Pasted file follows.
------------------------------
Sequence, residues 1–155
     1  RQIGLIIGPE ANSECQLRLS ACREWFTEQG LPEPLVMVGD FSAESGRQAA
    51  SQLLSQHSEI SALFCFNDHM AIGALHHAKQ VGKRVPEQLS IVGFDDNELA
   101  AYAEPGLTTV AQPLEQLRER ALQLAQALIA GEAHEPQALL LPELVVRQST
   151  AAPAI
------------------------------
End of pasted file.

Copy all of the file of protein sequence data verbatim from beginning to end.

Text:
Sequence, residues 1–155
     1  RQIGLIIGPE ANSECQLRLS ACREWFTEQG LPEPLVMVGD FSAESGRQAA
    51  SQLLSQHSEI SALFCFNDHM AIGALHHAKQ VGKRVPEQLS IVGFDDNELA
   101  AYAEPGLTTV AQPLEQLRER ALQLAQALIA GEAHEPQALL LPELVVRQST
   151  AAPAI